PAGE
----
Steam irons effectively remove wrinkles from plant-based fabrics because the combination of heat and moisture is needed to break these hydrogen bonds (source).
Moreover, applying a bit of pressure forces the cellulose molecules to lie parallel with one another, thereby flattening the fabric.
Dry irons simply use heat and applied pressure to remove wrinkles, and the absence of water allows them to be used on more fabric types. The chemistry of applying pressure to force the molecules to lie parallel with one another, thereby flattening the fabric, still holds true.
|DRY IRON FABRICS||STEAM IRON FABRICS|
Pros and Cons of a Steam Iron
Steam irons are incredibly effective at removing wrinkles from plant-based fabrics such as cotton. The combination of steam, moisture, and pressure breaks the hydrogen bonds that form the wrinkles (source).
Steam irons are versatile in that they can also be used as dry irons if you do not utilize the steam.
Drawbacks are that they are typically heavier, require more energy, and are harder to clean.
- Quick and effective crease/wrinkle removal
- Steam and spray option for stubborn wrinkles
- Vertical ironing is an option and can be used on furniture, curtains, and upholstery
- Versatile: Simply empty the water tank to use a steam iron as a dry iron
- Heavier than a dry iron
- Requires more energy
- Can leave marks on clothes
- Does not work on every fabric
- More difficult to clean due to the holes in the soleplate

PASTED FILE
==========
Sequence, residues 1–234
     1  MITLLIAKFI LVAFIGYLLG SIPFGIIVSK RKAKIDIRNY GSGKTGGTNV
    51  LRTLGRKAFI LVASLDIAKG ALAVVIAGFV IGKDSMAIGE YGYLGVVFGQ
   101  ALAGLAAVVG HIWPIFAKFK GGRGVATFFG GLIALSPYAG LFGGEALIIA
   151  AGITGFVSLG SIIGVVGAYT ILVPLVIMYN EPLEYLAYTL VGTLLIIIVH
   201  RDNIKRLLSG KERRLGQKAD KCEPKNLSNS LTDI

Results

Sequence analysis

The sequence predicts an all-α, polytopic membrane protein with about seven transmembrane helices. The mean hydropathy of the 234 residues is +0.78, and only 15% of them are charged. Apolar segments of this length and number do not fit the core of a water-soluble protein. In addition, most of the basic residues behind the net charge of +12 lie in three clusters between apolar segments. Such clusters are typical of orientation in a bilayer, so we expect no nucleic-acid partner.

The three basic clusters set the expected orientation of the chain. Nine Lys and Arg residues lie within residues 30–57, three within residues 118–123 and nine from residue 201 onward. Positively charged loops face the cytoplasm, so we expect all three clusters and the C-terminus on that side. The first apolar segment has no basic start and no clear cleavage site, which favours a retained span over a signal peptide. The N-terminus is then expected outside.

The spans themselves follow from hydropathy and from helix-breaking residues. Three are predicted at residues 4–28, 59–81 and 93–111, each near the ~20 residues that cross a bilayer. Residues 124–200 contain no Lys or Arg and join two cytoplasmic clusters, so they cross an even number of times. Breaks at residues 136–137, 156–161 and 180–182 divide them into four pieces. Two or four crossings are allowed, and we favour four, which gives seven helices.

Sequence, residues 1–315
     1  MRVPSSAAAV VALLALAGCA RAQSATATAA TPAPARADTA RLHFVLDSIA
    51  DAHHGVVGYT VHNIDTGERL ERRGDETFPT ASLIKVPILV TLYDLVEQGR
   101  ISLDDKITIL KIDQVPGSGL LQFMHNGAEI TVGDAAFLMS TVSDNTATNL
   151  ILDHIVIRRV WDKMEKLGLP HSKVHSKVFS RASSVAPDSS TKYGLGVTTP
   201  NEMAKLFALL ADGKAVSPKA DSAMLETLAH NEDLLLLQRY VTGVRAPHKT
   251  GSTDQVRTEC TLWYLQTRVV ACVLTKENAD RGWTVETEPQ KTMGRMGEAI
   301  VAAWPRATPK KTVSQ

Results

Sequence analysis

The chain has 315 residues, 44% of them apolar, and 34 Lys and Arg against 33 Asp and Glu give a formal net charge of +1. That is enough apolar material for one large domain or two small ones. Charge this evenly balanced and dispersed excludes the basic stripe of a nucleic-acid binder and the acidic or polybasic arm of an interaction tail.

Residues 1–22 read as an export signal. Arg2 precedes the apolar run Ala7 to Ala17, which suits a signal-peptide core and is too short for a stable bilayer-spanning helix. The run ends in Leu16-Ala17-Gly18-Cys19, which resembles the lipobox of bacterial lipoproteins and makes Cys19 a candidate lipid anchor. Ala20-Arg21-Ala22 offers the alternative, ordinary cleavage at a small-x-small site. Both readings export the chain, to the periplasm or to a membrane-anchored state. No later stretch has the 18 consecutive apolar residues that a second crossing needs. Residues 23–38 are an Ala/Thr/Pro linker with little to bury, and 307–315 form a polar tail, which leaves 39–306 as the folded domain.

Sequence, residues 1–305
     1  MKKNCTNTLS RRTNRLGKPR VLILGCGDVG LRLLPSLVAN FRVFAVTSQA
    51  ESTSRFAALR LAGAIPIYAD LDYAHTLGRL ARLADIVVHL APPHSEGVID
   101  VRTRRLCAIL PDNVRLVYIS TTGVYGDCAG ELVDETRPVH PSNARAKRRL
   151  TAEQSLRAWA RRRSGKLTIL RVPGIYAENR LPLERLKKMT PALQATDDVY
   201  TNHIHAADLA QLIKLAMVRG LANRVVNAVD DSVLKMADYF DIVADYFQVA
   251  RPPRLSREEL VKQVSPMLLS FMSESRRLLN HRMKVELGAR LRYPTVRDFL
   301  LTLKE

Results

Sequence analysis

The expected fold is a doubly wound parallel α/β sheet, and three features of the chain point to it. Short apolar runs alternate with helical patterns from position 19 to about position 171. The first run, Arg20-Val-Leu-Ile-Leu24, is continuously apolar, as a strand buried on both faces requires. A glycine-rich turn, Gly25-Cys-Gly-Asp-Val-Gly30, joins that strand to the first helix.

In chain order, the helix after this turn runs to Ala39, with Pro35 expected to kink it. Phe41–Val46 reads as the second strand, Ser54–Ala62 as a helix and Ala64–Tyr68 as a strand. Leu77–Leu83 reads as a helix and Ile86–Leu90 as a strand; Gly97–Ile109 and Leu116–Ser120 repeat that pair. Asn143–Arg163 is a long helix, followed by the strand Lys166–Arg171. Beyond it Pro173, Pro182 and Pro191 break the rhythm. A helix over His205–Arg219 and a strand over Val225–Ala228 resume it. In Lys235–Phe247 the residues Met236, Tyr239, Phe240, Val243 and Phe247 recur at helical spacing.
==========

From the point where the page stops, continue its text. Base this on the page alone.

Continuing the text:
- They can leak
Pros and Cons of a Dry Iron
Dry irons can be used with nearly all types of fabric, and they are easier to clean and maintain as there is no steam or water involved in a dry iron. For this reason, they are typically budget-friendly and long-lasting.
The drawbacks of a dry iron are that there is no steam or spray function, which might make removing wrinkles tougher. That said, you can keep a spray bottle to use to dampen your fabric.
- Most fabrics can be ironed with a dry iron
- Easy to clean and maintain
- No steam or spray function, not as effective on stubborn wrinkles
- No extra features besides temperature control
You can leave water in a steam iron if you frequently iron and if you use distilled or soft water.
If you occasionally or rarely iron, it’s best to empty it after every use to avoid mineral buildup from hard water in the tank.
If you use the steam setting on fabrics that cannot be used with steam (like wool, silk, satin, cashmere, and polyester) they may shrink.
You can use tap water if you live in a soft water area.
If you live in a hard water area, you should mix a 1:1 ratio of the water with distilled water.
Steam irons can be used as dry irons by emptying the water tank and turning off the steam function.
Ironing prevents the aging process since it forces the fibers to maintain bonds within the fabric weave. It can even reverse the aging process, as steam ironing forces the separate fibers to bind again to maintain the weft (source).
All that to say, ironing not only improves the look of your fabric, but it actually helps to extend the lifespan!
Of course, make sure you are not leaving a hot iron on the fabric, creating iron burn marks, or spilling water on your fabric, creating stains.
Final Thoughts on Steam Irons vs. Dry Irons
I hope you now feel as knowledgeable as I do about when and why to use a steam iron vs. a dry iron.
I’ll continue to use a steam iron with my linen napkins, and now that I know a bit more about the chemistry behind how ironing works, I better employ the steam function.
Likewise, when it comes time to iron fabrics like wool or cashmere, I’ll turn the steam function off and use my iron as a dry iron.
Best of luck in your ironing pursuits!